Is success the same thing as money? Is a good career one that impresses people you meet in airports? Is good design something beautiful? Is something beautiful because it is pleasing to the eye, or to the mind?

The gap between architectural education and architectural practice is huge.

An essay about this gap is a dissertation about a void.

But then that’s what architects excel at—thinking about the negative. Thinking about space.

For the potential architect, school forms his or her initial impression of the field and only later is he or she truly exposed to the depth and breadth of the field. In the beginning, the student chooses a school, and there they receive more than just an education. The architecture school leaves the student with a residue&#151an agenda and philosophy resulting from his or her interaction with the school’s pedagogy. This attitude is further affected by the student’s values and the way he or she defines some key terms.

Is success the same thing as money? Is a good career one that impresses people you meet in airports? Is good design something beautiful? Is something beautiful because it is pleasing to the eye, or to the mind?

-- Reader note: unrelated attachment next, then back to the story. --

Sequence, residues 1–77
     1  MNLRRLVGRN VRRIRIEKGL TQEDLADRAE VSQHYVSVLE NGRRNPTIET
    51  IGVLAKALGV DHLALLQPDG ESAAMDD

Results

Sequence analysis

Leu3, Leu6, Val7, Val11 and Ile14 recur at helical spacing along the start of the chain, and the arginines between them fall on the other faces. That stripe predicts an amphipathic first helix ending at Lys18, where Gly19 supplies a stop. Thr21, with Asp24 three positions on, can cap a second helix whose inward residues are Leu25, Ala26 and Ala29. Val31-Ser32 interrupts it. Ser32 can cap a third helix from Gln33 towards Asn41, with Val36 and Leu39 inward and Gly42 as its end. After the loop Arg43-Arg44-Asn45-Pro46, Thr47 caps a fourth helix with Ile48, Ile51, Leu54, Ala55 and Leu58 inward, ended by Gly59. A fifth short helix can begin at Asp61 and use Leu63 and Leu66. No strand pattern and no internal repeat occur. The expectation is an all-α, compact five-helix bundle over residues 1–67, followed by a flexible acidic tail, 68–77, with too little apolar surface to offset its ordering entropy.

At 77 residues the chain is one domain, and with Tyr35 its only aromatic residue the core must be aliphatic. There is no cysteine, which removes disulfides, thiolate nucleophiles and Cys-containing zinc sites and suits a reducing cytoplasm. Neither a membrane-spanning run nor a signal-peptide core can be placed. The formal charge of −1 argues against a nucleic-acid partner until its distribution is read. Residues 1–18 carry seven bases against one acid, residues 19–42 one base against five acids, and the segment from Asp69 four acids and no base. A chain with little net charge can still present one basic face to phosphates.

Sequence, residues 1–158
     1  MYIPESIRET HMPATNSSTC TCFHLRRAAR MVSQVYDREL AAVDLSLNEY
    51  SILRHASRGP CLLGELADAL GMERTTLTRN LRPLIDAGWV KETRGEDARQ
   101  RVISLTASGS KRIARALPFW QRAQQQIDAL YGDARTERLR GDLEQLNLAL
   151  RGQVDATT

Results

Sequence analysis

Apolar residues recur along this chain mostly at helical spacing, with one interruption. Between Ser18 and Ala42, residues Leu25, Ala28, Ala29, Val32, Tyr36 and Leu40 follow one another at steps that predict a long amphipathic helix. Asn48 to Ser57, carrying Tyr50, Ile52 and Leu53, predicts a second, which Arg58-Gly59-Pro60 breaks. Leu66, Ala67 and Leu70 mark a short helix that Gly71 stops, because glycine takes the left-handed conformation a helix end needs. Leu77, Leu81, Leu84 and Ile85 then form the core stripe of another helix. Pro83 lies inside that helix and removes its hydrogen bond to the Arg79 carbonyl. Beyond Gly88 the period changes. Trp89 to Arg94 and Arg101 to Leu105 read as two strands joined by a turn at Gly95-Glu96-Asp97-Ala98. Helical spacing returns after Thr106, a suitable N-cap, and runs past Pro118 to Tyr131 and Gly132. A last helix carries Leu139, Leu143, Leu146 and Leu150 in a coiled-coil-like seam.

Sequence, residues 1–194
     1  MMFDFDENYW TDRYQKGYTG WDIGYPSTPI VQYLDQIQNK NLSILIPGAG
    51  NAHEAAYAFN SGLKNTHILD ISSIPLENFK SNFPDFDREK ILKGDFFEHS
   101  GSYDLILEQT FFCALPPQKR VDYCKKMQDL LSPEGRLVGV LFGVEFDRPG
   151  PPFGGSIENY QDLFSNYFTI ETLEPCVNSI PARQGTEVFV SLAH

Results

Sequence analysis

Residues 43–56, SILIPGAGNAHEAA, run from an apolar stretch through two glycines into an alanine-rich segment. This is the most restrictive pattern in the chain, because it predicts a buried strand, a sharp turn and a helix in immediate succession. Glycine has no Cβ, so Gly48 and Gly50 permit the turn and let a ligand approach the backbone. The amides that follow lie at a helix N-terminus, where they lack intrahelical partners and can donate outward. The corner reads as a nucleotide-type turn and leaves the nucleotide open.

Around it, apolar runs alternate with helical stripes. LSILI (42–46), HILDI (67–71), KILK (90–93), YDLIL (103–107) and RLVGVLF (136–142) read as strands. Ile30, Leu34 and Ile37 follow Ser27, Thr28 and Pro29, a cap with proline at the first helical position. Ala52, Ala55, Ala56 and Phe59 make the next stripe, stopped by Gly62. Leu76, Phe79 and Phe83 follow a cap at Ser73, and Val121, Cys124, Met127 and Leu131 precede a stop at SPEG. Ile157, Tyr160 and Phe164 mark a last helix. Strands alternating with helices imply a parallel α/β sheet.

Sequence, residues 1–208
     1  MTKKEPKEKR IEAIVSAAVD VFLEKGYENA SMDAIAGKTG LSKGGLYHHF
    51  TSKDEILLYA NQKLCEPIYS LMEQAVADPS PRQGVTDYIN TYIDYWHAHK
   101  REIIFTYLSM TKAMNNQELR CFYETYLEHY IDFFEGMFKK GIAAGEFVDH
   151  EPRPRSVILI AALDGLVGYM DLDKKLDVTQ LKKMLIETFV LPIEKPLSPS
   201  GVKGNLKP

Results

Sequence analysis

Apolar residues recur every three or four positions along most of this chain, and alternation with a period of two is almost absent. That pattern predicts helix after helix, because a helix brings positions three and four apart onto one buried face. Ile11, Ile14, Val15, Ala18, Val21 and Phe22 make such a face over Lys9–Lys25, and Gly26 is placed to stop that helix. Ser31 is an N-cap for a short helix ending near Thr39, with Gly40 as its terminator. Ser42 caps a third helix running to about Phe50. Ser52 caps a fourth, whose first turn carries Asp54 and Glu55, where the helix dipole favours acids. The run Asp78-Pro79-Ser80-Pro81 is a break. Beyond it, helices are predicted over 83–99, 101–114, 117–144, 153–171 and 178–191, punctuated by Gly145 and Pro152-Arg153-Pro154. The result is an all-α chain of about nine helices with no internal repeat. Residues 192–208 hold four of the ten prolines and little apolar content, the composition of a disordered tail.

A program heavy on theory, fine arts and ideals certainly won’t suit all tastes. At these schools, the void—the realm of the theoretical—is considered a good thing, and the students are constantly placed face-to-face with it. Critics give open-ended problems, and encourage students to move into areas as yet unexplored by the academy or the profession and learn what can be done with these spaces. Alternately, in other more technically-oriented programs this void can be seen as a commodity to be packaged and sold, not explored. All these aspects are valid and are necessary for the architecture profession, as any one space can be all these things at the same time.

It is however important that some of us in practice dedicate ourselves to the study of the void. The profession needs those who research the gap between what can happen in theory and what can happen in practice. We need to continue to explore the space where architecture could go, whether or not it ever does. An architecture program at a school such as Cornell helps the student to gain an awareness of this gap and of the challenges that face architecture today. The emphasis on individual thought, analysis, and innovation teaches students to look at the everyday assumptions in architecture and culture in general, and see where there are opportunities for adjustment.